The electoral mail-in referendum on proportional representation (PR) British Columbians are now voting on isn’t the first and may not be the last.
Proportional representation referendums were held under Gordon Campbell’s Liberals in 2005 and 2009. And we could face another one in 2026.
If there is a starting point, it is likely the 1996 provincial election.
Glen Clark’s NDP won that race under the first-past-the-post (FPTP) system.
But the party’s seat number actually fell. Frustrated, they sought where they were bleeding votes. Their eyes fell on the Green Party.
As a result, the NDP developed PR policy. Nothing came of it until John Horgan became leader in 2014.
Interestingly, the 1996 vote also frustrated Liberal leader Gordon Campbell, UBC political scientist Richard Johnston said. The Liberals won the popular vote but lost the election.
Then came the 2001 election, where the Liberals took 77 out of 79 seats in the Legislature. The Liberals took 97% of the seats with 57.62% of the popular vote. The NDP received 21.56% of the vote but got three percent of the seats.
Clearly, something was amiss.
The current referendum is the third on the issue since the 2001 election.
Why? Johnston said FPTP continues to frustrate politicians of all stripes as they win vote percentages not reflected in legislature seats or in who forms government.
In 2004, Gordon Campbell’s government created the Citizens’ Assembly on Electoral Reform. Johnston called it the redemption of a pledge Campbell made to fix the system.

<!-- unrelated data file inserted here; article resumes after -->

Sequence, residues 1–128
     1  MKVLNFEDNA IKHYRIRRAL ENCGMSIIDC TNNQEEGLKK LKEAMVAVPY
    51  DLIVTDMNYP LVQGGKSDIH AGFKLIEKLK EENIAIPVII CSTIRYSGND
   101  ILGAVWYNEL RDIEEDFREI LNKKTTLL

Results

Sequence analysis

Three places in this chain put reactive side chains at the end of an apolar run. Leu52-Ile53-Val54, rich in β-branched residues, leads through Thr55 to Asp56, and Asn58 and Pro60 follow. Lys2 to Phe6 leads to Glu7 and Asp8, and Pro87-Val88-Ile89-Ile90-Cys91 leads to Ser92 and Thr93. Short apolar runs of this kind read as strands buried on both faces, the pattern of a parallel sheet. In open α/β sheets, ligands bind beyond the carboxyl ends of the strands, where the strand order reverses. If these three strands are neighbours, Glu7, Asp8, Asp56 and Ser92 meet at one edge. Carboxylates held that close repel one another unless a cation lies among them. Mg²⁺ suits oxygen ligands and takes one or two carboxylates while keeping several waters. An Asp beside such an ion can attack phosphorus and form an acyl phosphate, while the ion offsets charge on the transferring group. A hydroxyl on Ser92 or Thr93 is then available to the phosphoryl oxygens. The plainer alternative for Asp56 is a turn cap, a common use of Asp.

“He felt it was not appropriate to walk away,” Johnston said.
After 50 public hearings and 1,063 written submissions, the assembly recommended switching to PR under a concept known as the Single Transferable Vote (STV). The NDP supported the idea.
So, in May 2005, a referendum was held. Voters were asked: "Should British Columbia change to the BC-STV electoral system as recommended by the Citizens' Assembly on Electoral Reform?"
Under that system, the total number of MLAs in the province would not have changed. They would have been elected in 20 multi-member electoral districts with between two and seven MLAs per district, with voters ranking candidate preferences for those slots. To be elected, a candidate would have needed to reach a certain number of votes or an electoral quota.
The vote required two thresholds to be met for change to happen. Neither was met and the vote failed.
That year, the NDP 2005 platform under leader Carole James made no mention of PR.
In May 2009, Campbell’s government again polled the electorate on the STV concept.
This time, voters were asked to choose between STV and FPTP. Again, there were two thresholds. Voters rejected the idea in larger numbers than 2005. It failed to meet either threshold.
The NDP 2009 election platform under James made no mention of voting reform.
Now, Johnston said, the Greens are frustrated.
They want a system reflecting their popular vote – 16 percent compared to the Liberal-NDP dead heat in the 2017 FPTP election.
Johnston said under PR, wins are easier for parties on the left or in geographically diverse areas.
“Under first-past-the-post, the deck is actually stacked against parties on the left,” he said.
This time, voters have two choices.
The first question is a simple Yes or No on whether or not to change to PR.
However, unlike 2005 and 2009, there’s a second question.
Voters choose one of three systems: dual member proportional, mixed member proportional or rural urban proportional. The latter two are new, untested concepts.
This time, 50% plus one vote in support of PR would prompt one of the three options to be chosen.
Former NDP MLA Leonard Krog, the mayor-elect in Nanaimo, said voters needn’t vote in both sections.
But, he said, if they vote Yes in the first section, a choice in the second section gives the government guidance on how to move forward.
Johnston said while politicians spar over PR, there is no hunger for this referendum.
And the referendum could beget another one. If the vote passes, a further referendum would be held in 2026 after two elections to test if British Columbians want to retain the new system or return to FPTP.